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Spooks' Mapbook Thread


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Okay, here's a question for you all. I looked around and it seems TDM has three options for Ambient Rendering, but I was never aware of that since the options menu only displays Simple and Enhanced (Enhanced being the equivalent of what I read being described as "Normal"). This stuff has been in since 1.03 and putting it in the console actually makes a difference, but hell if I know why it isn't in the menus. Can anyone give me a rundown?


http://forums.thedarkmod.com/topic/13676-whats-the-difference-between-ambient-modes/ Reference thread.


edit: hey here's a post


edit edit: The one reason I'm investigating this is just trying to get better looking cubemapped materials.


edit the 3rd: it's not worth updating the thread over this, but I'm just going to edit in this snippet I posted on Epi's thread, because I think this code's about the best I'm going to get for cubemaps for now and it's nice to have it here in one place. I suppose I'm done with env stuff for the moment.

map makealpha (textures/darkmod/tile_s_bright) //here I use the specular of the texture
alpha 0.5		//this darkens the alpha by half, modify it as you wish
blend gl_dst_alpha, gl_one
cubeMap      env/gen2
texgen      reflect
Edited by Spooks

My FMs: The King of Diamonds (2016) | Visit my Mapbook thread sometimes! | Read my tutorial on Image-Based Lighting Workflows for TDM!



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  • 1 month later...

Oh awesome, I was wondering how to do cube maps in TDM. The effect you've managed to get looks great.

Are those cubemaps you've created or are those stored somewhere in the default materials?



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TDM has two default cubemaps as far as I'm aware, env/gen1 and env/gen2. They're both pretty generic, so I made the cubemaps myself with the envshot console command. Right now it's a bother to be putting cubemaps directly into materials rather than having an env_light entity and if you want, say, a texture with two different cubemaps, you'd need to make/use two different materials in DR. However, I think keeping your cubemaps blurry and generic looking, and limiting yourself to about 3 max in your map might reduce the bloat in a practical scenario.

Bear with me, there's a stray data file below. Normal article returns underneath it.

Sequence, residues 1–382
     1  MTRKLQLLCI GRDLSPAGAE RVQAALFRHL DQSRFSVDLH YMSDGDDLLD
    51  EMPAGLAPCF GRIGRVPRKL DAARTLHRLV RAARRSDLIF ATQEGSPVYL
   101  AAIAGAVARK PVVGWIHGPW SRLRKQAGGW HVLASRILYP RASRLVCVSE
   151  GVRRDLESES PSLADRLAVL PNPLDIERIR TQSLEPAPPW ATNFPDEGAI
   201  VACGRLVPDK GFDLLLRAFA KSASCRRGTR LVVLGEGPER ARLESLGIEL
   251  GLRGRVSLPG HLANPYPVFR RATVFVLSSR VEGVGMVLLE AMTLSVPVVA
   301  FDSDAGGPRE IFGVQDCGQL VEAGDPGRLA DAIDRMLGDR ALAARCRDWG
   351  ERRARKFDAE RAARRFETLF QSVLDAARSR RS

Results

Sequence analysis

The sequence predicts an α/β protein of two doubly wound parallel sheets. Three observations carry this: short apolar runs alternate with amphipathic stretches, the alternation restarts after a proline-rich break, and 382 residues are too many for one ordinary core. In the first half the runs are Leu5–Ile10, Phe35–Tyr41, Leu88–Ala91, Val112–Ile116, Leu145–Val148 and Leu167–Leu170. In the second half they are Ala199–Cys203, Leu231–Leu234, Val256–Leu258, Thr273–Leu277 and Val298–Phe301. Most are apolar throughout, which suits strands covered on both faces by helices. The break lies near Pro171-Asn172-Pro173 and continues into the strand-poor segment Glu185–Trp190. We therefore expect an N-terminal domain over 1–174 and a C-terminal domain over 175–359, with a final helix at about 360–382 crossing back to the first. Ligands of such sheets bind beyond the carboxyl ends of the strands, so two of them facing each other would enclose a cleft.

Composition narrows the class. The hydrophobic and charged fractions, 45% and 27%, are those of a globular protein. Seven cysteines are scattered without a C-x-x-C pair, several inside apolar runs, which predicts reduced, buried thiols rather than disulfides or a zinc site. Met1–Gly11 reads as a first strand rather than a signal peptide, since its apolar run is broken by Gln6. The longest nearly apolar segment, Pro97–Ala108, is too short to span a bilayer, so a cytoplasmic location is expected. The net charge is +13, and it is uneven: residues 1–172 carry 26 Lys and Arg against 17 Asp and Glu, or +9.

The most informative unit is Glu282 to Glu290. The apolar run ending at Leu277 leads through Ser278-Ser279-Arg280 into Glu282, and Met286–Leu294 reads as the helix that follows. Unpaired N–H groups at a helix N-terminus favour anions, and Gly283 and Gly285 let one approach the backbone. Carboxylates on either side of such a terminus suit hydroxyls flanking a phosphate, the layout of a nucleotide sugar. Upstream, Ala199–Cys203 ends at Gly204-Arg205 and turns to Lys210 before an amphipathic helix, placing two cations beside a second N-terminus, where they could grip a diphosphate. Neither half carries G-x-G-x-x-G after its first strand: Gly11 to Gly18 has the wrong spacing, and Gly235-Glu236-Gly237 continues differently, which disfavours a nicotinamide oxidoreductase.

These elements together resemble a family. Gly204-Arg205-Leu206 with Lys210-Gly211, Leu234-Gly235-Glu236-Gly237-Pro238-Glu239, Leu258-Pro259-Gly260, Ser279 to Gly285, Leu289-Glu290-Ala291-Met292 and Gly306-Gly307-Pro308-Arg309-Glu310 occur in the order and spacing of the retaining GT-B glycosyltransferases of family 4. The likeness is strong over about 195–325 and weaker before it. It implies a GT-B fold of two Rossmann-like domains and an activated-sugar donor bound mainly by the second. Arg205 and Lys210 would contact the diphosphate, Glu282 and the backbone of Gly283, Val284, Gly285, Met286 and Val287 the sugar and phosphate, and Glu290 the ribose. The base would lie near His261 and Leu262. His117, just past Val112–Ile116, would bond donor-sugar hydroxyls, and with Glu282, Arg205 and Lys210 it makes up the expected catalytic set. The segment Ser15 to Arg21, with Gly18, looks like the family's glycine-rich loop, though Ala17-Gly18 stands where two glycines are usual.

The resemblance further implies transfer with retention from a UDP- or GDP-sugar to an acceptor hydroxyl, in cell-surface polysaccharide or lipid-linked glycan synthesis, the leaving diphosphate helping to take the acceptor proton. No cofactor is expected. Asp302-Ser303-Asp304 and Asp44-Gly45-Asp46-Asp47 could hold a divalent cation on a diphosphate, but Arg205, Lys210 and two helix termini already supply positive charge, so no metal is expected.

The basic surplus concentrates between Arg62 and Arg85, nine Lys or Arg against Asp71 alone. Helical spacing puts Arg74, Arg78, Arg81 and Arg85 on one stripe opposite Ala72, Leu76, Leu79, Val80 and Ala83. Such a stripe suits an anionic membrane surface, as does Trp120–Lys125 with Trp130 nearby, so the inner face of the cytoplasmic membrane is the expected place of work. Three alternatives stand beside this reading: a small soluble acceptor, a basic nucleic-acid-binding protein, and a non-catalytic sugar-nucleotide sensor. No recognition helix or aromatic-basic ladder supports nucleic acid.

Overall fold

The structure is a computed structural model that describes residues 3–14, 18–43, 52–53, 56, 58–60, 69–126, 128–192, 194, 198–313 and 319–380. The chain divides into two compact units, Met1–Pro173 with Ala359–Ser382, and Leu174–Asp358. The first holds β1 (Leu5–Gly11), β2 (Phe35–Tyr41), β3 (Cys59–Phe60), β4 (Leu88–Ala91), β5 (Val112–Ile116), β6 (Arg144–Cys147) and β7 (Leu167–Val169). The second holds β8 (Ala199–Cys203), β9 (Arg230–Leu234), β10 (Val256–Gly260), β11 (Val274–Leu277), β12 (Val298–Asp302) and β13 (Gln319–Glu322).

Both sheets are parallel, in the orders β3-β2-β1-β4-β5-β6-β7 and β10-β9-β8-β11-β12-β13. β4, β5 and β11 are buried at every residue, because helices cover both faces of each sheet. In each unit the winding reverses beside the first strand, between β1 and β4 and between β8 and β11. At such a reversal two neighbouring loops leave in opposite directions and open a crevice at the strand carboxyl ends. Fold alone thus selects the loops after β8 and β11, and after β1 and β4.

The code snippet from the second post is what you'd want, since masking reflection by an image's specular map is the most logical way to do it, regarding how real life light works. The gl_dst_color method is also good, however, since it ensures you won't get shiny materials in complete darkness. On the flipside, it over-brightens bright areas, so watch out for that.

My FMs: The King of Diamonds (2016) | Visit my Mapbook thread sometimes! | Read my tutorial on Image-Based Lighting Workflows for TDM!



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  • 2 months later...
  • 2 years later...

You got it right on the geometry front. Lights in foreground? Two. Green spotlight and a blue moonlight that is only really visible in motion (though you can spot the specular on the right wall). After the gate you can count three more.


I've grown dissatisfied with the state the map this particular screenshot is from and I'll very likely be gutting it and redoing the greybox to something less rushed. This was supposed to be the speedbuild, but I guess I can't let speedbuilds be that when I sink my teeth into them. For now though, and this is a rare diary entry in my own thread that I should probably be updating more often, I think I'll come back to an old WIP, roll up my sleeves and do some much needed work on another sewer section.

My FMs: The King of Diamonds (2016) | Visit my Mapbook thread sometimes! | Read my tutorial on Image-Based Lighting Workflows for TDM!



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  • 5 months later...

Reminds me of the area around the start of Behind Closed Doors (the "back way" around). You might get inspiration looking at it again.

I learned a lot from just opening it up in DR and looking at how things were put together.


The scaling looks to be almost exactly twice the size of your drawn version, which at least would make the math easy to work out in re-scaling it.

What do you see when you turn out the light? I can't tell you but I know that it's mine.

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I think it's always a good idea to have some drawing / sketch or not only the area, but also some scenes and of the mission itself - it's easier to work from a reference than sit at DR and go, ok, I'm building another mansion.
Taking photos of places for inspiration is also useful, is also good as you can nick the textures of the materials.

Looks as if spooks might have learned some oil painting techniques at some point.

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